From College to Knowledge: Having Fun
By Matt Nollman | @youngnollman
I know what you’re thinking: how can you have fun and balance a demanding workload at the same time? You may have a different idea of fun before you graduate, but having a good time in college is unquestionably related to how much you enjoy your college experience both academically and socially. The same can be said for your first job. I’ve had friends complain to me for an entire summer about how grueling and depressing their internship was. To be completely honest, I do understand. I did a few things that were fairly monotonous. As an intern, I had to make a seemingly infinite number of (sometimes painfully awkward) phone calls, all with the same repetitive message. While this was just a minor part of what I did every day, it helped me to sympathize with my friends who spent eight straight hours punching numbers into excel. But as a whole, this internship is different. This company is different. This company is fun.
Fun can be defined in many ways, but the way I’m referring to is more subtle than the rest. No, I am not alluding to the company barbeque or the Office Olympics (yes, these do exist). What I am talking about is the simple pleasure of your colleagues’ company – and that’s what has made my experience at Castle so enjoyable. All employees, from both the events and the PR teams, seem to complete more than the average person’s workload every day. But they do it with a smile on their face. And that’s what keeps the wheels turning on our office chairs.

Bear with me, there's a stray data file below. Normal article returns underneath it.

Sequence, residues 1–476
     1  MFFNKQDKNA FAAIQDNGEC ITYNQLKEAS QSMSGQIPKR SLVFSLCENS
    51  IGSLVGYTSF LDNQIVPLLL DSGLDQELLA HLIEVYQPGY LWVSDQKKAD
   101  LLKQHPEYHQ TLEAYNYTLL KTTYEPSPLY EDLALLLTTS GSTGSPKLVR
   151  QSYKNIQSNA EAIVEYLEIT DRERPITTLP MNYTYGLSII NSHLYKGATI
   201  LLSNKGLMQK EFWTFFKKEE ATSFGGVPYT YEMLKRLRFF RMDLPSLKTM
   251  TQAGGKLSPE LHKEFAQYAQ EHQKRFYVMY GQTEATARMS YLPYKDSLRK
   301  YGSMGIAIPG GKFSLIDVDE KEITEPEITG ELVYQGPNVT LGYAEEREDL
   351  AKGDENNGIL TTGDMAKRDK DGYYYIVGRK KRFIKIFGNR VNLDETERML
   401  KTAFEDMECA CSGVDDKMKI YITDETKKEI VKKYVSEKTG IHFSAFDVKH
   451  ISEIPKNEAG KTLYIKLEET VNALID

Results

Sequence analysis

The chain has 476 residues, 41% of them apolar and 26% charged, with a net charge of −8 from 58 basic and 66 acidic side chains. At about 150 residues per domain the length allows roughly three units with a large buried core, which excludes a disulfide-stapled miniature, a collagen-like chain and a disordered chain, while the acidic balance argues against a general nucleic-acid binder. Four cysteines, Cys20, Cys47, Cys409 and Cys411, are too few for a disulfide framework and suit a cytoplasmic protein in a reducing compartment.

Relating my example back to school, the good professors are the fun professors. They are engaging and keep the class’ attention throughout each lesson. They construct assignments that the student actually enjoys doing. In the workplace, it’s absolutely necessary to keep employees engaged. Having the ability to joke around with your colleagues is underrated, and creates a positive environment marked by synergy and enjoyment. Personalities click, and the daunting amount of work magically starts to disappear. However, fostering a light, collaborative atmosphere isn’t just your boss’ responsibility – pitch in, offer to do more, and crack a few (appropriate) jokes. After all, it’s partially your job to make sure your colleagues don’t dread to come to work every morning. And that, my friends, is the hidden key to a company’s success.